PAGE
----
Donald Trump and Israel: What the president-elect's relationship with US ally looks like
The Israeli right is celebrating Donald Trump's victory in the 2016 presidential election, heralding his win as the end of the two-state solution to Israel's ongoing conflict with neighboring Palestine.
Israel's education minister, Naftali Bennett — who leads the Jewish Home party, which advocates for Jerusalem as Israel's capital — welcomes a Trump presidency. To him, it indicates that "the era of a Palestinian state is over," a declaration he made on Nov. 14, according to the New York Times.
A very brief overview of the conflict: The Israeli-Palestinian conflict began as a land dispute, one that stretches back to the early 20th century. Theodor Herzl, leader of the Zionist movement, identified Palestine as the best location for a Jewish state, and immigration there picked up after the Russian Revolution of 1905. With the Balfour Declaration of 1917, Britain validated the establishment of a Jewish homeland in Palestine, despite Palestinian objection. In 1947, after World War II, the U.N. partitioned Palestine and in May 1948, the state of Israel was declared.
Violent conflict over land two nations saw as rightfully theirs immediately ensued. The city of Jerusalem is especially contentious, both sides having named it as the ideal capital of their separate states. Current efforts at peace between the two nations tend to fit a two-state solution: Israel and Palestine exist as separate entities. At issue are two areas with substantial Palestinian populations, the West Bank and Gaza Strip; the former is Israeli-occupied and the latter, subject to blockade by Israel. Hamas, a fundamentalist Islamic organization, controls Gaza and is at war with Israel.
During the administration of President Barack Obama, Israeli Prime Minister Benjamin Netanyahu sided with congressional Republicans over Obama's policies in the Middle East. While the U.S. and Israel remain close allies, relations are tense, to say the least.
How does Trump plan to fix things? As it is on so many other urgent issues, Trump's position on Israel is somewhat murky. In a February town hall, he declared himself to be kind of "a neutral guy," having previously suggested the onus of making a peace deal lay on Israel.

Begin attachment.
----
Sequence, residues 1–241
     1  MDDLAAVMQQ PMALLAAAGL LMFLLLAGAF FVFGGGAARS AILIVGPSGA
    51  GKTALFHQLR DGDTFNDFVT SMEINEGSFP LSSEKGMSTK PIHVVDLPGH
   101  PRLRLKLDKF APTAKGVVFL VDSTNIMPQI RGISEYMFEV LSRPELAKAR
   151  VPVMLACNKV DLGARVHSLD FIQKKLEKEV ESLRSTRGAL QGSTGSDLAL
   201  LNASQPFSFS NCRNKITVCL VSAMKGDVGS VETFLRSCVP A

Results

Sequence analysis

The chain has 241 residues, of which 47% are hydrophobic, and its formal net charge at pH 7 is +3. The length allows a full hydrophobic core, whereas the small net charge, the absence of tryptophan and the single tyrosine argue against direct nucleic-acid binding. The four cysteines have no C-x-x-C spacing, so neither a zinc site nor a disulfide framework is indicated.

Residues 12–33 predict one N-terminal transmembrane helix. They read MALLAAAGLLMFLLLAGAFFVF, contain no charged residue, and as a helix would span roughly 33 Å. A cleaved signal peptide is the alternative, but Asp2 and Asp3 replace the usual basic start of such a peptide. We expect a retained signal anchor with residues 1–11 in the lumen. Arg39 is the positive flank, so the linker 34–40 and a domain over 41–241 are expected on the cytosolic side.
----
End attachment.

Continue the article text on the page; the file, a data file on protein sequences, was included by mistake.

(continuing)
But in a March speech to the American Israel Public Affairs Committee, he not only called himself "a lifelong supporter and true friend of Israel," but also characterized Palestine as the primary aggressor in the conflict, and promised he would not allow the United Nations to "impose its will" on Israel.
"When I become president, the days of treating Israel like a second-class citizen will end on day one," he said.
Trump's position on the campaign trail was mostly pro-Israel. He said that he would move the capital to Jerusalem, a promise on which he intends to make good, according to David Friedman, who advises Trump on Israel and the Middle East.
"It was a campaign promise, and there is every intention to keep it," he recently told the Jerusalem Post. "We are going to see a very different relationship between America and Israel in a positive way."
Friedman also added that "the level of friendship between the U.S. and Israel is going to grow like never before." And that seems to track with Trump's position on the matter.
As CNN reported, Jerusalem's mayor, Nir Barkat, is optimistic about the city under a Trump presidency. "The role of the city of Jerusalem will never change," he said after Trump's win. "It has to be under the sovereignty of the Jewish people. It has to play an inclusive role. It can never function as a divided city."
But according to the New York Times, Netanyahu has been careful, cheering Trump's victory publicly while urging his own administration to keep dealings behind closed doors. No one knows definitively what Trump will do — when it comes to Israel or any of his other stated policies.